• Hjerling-Leffler J.
      • Karayannis T.
      • Fishell G.
      Characterization of Nkx6-2-Derived Neocortical Interneuron Lineages.
      Mice: Atg7tm1TchiMarco Sandri
      • Komatsu M.
      • Waguri S.
      • Ueno T.
      • Iwata J.
      • Murata S.
      • Tanida I.
      • Ezaki J.
      • Mizushima N.
      • Ohsumi Y.
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      • et al.
      Impairment of starvation-induced and constitutive autophagy in Atg7-deficient mice.
      Mice: Tg(CAG-DsRedMST)1Nagy/JIgnacio Flores
      • Vintersten K.
      • Monetti C.
      • Gertsenstein M.
      • Zhang P.
      • Laszlo L.
      • Biechele S.
      • Nagy A.
      Mouse in red: red fluorescent protein expression in mouse ES cells, embryos, and adult animals.
      Mice: Siglec1tm1(HBEGF)MtkaMasato Tanaka
      • Miyake Y.
      • Asano K.
      • Kaise H.
      • Uemura M.
      • Nakayama M.
      • Tanaka M.
      Critical role of macrophages in the marginal zone in the suppression of immune responses to apoptotic cell-associated antigens.
      Mice: OMA1−/−Carlos Lopez-Otín
      • Quirós P.M.
      • Ramsay A.J.
      • Sala D.
      • Fernández-Vizarra E.
      • Rodríguez F.
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      • Zorzano A.
      • López-Otín C.
      Loss of mitochondrial protease OMA1 alters processing of the GTPase OPA1 and causes obesity and defective thermogenesis in mice.
      Mice: B6.SJL-Ptprca Pepcb/BoyJJackson LaboratoriesJAX: 002014
      Mice: BL/6NzBJose Antonio Enriquez
      • Latorre-Pellicer A.
      • Moreno-Loshuertos R.
      • Lechuga-Vieco A.V.
      • Sánchez-Cabo F.
      • Torroja C.
      • Acín-Pérez R.
      • Calvo E.
      • Aix E.
      • González-Guerra A.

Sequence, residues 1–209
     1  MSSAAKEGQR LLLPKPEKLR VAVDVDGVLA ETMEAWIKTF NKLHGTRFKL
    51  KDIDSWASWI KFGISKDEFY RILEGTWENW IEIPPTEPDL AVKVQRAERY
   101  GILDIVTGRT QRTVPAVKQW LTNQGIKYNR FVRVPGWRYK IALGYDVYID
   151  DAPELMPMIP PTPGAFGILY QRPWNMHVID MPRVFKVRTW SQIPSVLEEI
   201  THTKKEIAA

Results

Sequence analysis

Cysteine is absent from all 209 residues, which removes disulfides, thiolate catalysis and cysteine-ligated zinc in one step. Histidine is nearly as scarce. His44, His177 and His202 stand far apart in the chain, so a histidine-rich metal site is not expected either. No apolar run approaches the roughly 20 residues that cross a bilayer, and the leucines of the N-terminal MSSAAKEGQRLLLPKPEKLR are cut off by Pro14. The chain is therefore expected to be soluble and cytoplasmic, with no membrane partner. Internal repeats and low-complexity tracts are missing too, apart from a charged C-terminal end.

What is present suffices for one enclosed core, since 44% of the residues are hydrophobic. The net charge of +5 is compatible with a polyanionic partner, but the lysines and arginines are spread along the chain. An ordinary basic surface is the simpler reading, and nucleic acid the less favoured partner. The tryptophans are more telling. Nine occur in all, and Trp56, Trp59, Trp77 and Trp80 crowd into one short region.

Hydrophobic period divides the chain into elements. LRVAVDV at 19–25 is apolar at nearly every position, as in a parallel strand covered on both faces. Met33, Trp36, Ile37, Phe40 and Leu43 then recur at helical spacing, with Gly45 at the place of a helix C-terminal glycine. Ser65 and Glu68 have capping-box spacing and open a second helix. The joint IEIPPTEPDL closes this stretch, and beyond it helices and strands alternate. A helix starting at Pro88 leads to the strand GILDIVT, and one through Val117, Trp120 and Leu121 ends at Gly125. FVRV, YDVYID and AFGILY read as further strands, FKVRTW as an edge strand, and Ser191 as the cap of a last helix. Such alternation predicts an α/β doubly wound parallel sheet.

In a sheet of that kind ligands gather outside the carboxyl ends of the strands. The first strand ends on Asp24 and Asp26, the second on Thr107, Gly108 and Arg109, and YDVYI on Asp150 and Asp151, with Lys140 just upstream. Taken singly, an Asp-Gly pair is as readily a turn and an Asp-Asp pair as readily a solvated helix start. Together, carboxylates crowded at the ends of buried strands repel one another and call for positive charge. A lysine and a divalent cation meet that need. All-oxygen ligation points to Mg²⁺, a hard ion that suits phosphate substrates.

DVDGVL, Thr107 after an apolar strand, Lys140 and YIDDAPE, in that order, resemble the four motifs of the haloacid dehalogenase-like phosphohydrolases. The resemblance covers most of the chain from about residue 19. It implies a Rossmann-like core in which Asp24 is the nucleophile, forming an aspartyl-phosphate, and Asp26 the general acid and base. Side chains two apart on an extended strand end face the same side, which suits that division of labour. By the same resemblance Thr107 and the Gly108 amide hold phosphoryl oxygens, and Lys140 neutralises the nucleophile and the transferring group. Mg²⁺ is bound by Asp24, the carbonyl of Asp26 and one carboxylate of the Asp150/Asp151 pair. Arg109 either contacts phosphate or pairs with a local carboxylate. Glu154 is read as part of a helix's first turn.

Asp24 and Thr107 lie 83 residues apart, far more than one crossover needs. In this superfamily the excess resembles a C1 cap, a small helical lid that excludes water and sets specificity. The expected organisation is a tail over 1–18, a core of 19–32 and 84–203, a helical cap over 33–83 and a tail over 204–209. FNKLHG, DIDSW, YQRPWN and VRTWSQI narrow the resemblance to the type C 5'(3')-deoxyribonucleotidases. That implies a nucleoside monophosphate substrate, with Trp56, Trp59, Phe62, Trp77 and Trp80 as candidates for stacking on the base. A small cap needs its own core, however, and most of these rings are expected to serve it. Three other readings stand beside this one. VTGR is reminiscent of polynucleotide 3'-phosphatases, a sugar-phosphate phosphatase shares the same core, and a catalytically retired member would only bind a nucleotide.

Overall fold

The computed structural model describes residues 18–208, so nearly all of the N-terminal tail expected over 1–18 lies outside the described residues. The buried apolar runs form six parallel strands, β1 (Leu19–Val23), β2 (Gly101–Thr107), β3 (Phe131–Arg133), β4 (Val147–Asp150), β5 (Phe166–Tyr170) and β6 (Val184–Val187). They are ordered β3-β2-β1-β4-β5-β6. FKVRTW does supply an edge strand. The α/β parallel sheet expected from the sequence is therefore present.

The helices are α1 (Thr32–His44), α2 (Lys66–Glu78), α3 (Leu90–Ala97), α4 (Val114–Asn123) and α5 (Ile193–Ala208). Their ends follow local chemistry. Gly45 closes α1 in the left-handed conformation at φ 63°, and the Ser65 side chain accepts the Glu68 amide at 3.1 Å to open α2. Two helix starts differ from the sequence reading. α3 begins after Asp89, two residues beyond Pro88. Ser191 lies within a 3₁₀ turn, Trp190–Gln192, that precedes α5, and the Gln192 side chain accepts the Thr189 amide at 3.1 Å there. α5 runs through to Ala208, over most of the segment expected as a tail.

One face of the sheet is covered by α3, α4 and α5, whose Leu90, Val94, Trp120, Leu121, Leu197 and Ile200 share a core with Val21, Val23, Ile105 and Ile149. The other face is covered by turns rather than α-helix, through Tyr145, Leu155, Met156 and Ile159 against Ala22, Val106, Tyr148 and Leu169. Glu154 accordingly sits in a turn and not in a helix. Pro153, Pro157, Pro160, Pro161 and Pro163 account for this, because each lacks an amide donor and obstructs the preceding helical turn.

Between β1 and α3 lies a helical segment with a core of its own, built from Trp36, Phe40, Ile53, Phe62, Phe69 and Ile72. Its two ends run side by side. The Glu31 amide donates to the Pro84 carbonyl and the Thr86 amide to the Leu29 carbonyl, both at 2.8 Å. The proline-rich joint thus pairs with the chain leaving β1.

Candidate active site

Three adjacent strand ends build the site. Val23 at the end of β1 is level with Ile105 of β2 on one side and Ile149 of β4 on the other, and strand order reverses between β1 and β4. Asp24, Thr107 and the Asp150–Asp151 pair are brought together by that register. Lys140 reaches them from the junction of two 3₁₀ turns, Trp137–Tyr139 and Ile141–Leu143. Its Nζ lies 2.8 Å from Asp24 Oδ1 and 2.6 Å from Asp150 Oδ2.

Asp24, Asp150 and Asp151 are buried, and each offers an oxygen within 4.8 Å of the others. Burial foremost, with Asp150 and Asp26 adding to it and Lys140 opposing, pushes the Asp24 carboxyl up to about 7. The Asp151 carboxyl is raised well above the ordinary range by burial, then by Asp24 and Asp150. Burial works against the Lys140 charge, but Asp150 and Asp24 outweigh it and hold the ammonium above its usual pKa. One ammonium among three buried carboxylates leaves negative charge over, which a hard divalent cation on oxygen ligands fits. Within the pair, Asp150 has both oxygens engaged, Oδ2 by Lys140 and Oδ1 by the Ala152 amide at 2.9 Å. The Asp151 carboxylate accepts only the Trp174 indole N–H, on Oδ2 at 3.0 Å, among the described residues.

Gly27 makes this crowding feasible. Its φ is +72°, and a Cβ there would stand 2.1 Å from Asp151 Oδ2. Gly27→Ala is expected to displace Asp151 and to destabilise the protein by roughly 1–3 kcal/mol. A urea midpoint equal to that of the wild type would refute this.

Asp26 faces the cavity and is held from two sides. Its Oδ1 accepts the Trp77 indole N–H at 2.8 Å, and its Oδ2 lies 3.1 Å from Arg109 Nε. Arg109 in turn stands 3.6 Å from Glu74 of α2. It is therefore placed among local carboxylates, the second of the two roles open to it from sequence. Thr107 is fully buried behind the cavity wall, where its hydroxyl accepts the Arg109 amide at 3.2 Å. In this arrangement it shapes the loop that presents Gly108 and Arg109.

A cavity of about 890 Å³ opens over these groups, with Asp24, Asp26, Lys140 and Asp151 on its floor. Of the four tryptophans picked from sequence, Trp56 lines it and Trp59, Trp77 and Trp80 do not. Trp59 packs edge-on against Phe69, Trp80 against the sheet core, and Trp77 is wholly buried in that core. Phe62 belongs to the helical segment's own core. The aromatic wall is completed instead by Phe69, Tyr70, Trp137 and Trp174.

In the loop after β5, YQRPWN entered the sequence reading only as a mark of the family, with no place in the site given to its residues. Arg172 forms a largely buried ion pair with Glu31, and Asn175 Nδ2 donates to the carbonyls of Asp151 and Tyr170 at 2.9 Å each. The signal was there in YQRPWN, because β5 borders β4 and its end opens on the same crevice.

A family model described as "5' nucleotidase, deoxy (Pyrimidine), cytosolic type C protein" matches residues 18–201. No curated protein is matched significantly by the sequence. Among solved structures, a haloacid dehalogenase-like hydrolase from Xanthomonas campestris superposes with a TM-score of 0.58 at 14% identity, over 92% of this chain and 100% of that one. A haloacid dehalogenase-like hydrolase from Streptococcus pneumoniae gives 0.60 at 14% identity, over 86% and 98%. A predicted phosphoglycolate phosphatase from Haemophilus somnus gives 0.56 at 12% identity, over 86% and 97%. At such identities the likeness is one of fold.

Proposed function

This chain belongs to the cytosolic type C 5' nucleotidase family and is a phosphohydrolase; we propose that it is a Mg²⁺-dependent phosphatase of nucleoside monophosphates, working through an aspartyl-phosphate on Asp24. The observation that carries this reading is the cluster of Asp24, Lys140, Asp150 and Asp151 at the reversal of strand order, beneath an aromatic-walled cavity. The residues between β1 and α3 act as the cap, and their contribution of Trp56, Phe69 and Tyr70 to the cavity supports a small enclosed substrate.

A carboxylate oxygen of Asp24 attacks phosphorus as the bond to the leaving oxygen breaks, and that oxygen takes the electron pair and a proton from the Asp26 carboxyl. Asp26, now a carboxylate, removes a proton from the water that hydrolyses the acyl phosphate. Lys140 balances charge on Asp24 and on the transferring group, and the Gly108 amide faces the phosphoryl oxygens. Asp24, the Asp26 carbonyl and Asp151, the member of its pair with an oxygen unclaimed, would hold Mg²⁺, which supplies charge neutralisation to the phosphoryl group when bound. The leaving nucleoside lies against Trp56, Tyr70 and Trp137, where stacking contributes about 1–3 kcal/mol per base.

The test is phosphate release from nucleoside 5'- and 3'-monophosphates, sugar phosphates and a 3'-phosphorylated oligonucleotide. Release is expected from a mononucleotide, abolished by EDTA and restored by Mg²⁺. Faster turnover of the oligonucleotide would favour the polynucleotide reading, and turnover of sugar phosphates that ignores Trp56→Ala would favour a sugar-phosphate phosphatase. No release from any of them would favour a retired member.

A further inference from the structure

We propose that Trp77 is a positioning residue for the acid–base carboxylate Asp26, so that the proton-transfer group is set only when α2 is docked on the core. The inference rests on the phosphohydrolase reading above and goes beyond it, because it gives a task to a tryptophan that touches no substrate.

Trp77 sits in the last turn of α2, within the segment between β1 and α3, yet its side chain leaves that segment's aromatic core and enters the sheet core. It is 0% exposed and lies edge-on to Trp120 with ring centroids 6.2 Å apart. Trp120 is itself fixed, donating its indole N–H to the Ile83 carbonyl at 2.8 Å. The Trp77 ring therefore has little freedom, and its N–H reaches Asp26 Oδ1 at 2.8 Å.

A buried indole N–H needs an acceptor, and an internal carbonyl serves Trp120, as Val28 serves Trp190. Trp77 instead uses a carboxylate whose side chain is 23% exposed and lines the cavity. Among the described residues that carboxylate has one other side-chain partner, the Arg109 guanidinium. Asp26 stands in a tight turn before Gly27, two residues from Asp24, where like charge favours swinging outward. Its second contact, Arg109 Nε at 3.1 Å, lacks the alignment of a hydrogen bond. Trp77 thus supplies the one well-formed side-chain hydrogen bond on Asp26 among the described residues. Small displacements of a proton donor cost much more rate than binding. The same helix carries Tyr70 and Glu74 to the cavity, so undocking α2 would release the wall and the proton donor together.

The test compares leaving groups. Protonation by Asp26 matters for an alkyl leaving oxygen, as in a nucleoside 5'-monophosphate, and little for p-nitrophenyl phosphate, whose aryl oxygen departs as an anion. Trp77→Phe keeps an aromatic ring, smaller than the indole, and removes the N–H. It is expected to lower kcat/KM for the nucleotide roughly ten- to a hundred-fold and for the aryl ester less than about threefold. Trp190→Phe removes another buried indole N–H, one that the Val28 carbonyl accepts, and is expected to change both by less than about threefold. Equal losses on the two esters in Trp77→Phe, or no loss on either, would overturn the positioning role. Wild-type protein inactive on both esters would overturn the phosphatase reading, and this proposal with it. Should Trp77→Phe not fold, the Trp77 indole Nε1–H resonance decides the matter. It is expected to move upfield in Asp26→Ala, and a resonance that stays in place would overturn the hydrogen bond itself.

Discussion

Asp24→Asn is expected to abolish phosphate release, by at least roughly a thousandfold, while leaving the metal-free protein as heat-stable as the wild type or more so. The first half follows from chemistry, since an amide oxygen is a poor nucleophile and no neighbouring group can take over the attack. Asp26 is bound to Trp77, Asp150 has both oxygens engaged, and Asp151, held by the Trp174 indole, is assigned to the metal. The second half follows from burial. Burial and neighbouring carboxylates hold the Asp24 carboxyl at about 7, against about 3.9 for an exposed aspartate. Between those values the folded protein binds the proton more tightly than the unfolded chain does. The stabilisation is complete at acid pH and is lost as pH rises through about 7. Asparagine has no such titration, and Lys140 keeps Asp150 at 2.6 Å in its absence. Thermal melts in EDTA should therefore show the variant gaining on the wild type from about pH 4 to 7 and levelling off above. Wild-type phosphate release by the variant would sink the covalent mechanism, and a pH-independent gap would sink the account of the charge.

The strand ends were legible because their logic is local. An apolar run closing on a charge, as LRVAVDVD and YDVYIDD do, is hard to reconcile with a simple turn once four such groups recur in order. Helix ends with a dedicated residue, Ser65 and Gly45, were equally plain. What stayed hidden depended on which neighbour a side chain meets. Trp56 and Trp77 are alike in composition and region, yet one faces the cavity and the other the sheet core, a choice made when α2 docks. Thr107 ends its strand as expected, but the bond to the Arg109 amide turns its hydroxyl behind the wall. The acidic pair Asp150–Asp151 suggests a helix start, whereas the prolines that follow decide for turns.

• Logan A.
      • et al.
      Mitochondrial and nuclear DNA matching shapes metabolism and healthy ageing.
      Mice: Mertk−/−Antonio Castrillo
      • Lu Q.
      • Gore M.
      • Zhang Q.
      • Camenisch T.
      • Boast S.
      • Casagranda F.
      • Lai C.
      • Skinner M.K.
      • Klein R.
      • Matsushima G.K.
      • et al.
      Tyro-3 family receptors are essential regulators of mammalian spermatogenesis.
      Cell lines
      HL1GFPJuan BernalThis Work
      Oligonucleotides
      Fw (5′-3′) Primer for 36B4 gene:

      ACTGGTCTAGGACCCGAGAAG
      This ManuscriptN/A
      Rv (5′-3′) Primer for 36B4 gene:

      TCCCACCTTGTCTCCAGTCT
      This ManuscriptN/A
      Fw (5′-3′) Primer for Keima gene:

      AGCTTCAGTACGGAAGCATACC
      This ManuscriptN/A
      Rv (5′-3′) Primer for Keima gene:

      TGCTCCTCTCCCATGTATATCC
      This ManuscriptN/A
      Fw (5′-3′) Primer for Tomato gene:

      GCCGACATCCCCGATTACAAGA
      This ManuscriptN/A
      Rv (5′-3′) Primer for Tomato gene:

      CGATGGTGTAGTCCTCGTTGTGG
      This ManuscriptN/A
      Fw (5′-3′) Primer to distinguish NzB and C57 mtDNA:

      AAGCTATCGGGCCCATACCCCG
      This ManuscriptN/A
      Rv (5′-3′) Primer to distinguish NzB and C57 mtDNA:

      GTTGAGTAGAGTGAGGGATGGG
      This ManuscriptN/A
      Recombinant DNA
      Plasmid mt-Keima-Red-Mito-7Michael DavidsonAddgene plasmid # 56018
      Software and Algorithms